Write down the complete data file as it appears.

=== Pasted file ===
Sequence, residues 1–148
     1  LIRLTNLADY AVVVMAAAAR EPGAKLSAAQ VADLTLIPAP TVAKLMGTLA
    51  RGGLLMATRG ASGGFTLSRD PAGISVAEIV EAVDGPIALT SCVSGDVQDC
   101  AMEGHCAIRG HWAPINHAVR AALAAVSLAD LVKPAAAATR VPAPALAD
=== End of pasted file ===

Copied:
Sequence, residues 1–148
     1  LIRLTNLADY AVVVMAAAAR EPGAKLSAAQ VADLTLIPAP TVAKLMGTLA
    51  RGGLLMATRG ASGGFTLSRD PAGISVAEIV EAVDGPIALT SCVSGDVQDC
   101  AMEGHCAIRG HWAPINHAVR AALAAVSLAD LVKPAAAATR VPAPALAD